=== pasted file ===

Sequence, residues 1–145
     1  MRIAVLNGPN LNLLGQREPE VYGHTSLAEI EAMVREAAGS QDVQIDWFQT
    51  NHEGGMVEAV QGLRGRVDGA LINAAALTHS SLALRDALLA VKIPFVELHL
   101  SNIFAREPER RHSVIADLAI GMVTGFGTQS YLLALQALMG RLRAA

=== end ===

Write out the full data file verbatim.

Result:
Sequence, residues 1–145
     1  MRIAVLNGPN LNLLGQREPE VYGHTSLAEI EAMVREAAGS QDVQIDWFQT
    51  NHEGGMVEAV QGLRGRVDGA LINAAALTHS SLALRDALLA VKIPFVELHL
   101  SNIFAREPER RHSVIADLAI GMVTGFGTQS YLLALQALMG RLRAA